Monday, August 19, 2013
Sexton Blake: The Trail of the Golden Girl
Yes, I read another Sexton Blake book over the weekend. What can I say? I'm having a lot of fun with these relics from the 1960s. The thing is though, they are often surprisingly well written. This one, The Trail of the Golden Girl, written by Rex Dolphin, is the most hardboiled of the sixties era Blakes I've read so far, and one of the best written.
It's also the most 1960s intensive so far. The first scene is set in an abandoned house that a bunch of hippies and one would be rock star have turned into a swinging pad. Unfortunately some bad guys show up and murder one of the group in a very brutal way. It turns out that the murdered hippy was actually a reporter in disguise, a young man who was the protégé of Sexton Blake's old pal, Arthur 'Splash' Kirby. Kirby sets out to find the men who killed his young friend, putting his own life in danger.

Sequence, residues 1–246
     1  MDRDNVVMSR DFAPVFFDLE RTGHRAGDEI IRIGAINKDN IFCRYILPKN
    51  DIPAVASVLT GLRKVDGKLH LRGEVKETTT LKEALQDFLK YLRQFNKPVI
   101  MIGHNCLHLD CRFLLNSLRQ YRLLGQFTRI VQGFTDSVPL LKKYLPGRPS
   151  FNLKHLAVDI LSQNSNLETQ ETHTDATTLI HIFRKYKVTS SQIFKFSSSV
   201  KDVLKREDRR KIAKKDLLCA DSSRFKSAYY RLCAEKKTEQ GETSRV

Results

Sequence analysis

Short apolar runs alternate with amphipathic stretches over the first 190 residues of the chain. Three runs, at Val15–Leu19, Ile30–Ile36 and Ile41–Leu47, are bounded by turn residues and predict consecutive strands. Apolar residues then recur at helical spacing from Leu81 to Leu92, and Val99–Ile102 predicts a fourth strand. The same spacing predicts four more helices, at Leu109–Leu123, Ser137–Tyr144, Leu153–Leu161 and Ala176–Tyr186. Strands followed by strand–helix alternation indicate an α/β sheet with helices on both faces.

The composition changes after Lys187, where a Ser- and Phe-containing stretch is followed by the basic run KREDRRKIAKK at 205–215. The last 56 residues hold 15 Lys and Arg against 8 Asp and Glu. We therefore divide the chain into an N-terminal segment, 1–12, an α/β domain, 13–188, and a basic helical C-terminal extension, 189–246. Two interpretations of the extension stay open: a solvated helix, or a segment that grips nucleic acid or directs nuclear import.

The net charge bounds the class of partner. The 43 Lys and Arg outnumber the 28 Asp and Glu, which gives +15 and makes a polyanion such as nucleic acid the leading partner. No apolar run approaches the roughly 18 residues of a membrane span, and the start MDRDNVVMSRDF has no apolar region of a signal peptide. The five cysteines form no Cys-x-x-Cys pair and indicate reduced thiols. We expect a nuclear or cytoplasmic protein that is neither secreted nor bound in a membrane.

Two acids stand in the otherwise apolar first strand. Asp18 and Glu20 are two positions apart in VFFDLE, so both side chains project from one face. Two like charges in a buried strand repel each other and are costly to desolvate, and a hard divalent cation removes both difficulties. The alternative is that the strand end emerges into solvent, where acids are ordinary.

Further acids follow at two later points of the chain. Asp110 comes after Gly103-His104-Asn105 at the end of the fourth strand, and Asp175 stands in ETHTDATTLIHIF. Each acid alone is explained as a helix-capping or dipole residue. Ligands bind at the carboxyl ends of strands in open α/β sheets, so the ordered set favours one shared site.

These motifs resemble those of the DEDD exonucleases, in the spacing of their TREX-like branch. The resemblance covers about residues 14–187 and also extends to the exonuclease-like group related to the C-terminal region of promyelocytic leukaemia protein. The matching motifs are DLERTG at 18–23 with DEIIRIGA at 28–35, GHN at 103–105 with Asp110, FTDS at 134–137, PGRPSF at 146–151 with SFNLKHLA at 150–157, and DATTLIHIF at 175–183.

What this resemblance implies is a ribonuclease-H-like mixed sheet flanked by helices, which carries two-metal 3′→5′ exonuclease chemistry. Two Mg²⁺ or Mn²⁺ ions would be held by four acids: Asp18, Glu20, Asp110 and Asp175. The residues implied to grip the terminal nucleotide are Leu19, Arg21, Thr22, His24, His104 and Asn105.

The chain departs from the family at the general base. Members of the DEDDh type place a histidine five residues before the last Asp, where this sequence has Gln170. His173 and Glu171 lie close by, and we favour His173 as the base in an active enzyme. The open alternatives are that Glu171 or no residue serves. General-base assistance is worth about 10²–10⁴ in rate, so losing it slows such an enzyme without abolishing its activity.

Meanwhile a wealthy businessman seeks Sexton Blake's help in locating his missing daughter, the Golden Girl of the title. Not surprisingly it turns out that the two cases are connected. Blake and his blonde secretary Paula Dane head for the wilds of Cornwall to search for the girl among the groups of hippies who congregate there. Tinker is once again relegated to the sidelines, but he shows up a few times to call Blake 'guv'nor' and to question the hip young things who wouldn't give a square like Blake the time of day.
This book has more violence than all the other Sexton Blake books I've read so far combined. Stabbing, strangling, shooting, fistfights, a character being hit by a car and another character being stomped to death. Blake has a bit more of an edge to him in this one as well. As I said, there's a lot of sixties color, with a lot of talk about marijuana and the use of lots of 1960s terms like mod, fab, and the like. The hippies are presented in a negative light for the most part and at one point Blakes gives a bunch of them a very establishment style dressing down.
Anyway, The Trail of the Golden Girl is less a Sexton Blake book than a hard edged crime novel that happens to feature Sexton Blake. A more turbulent book for more turbulent times.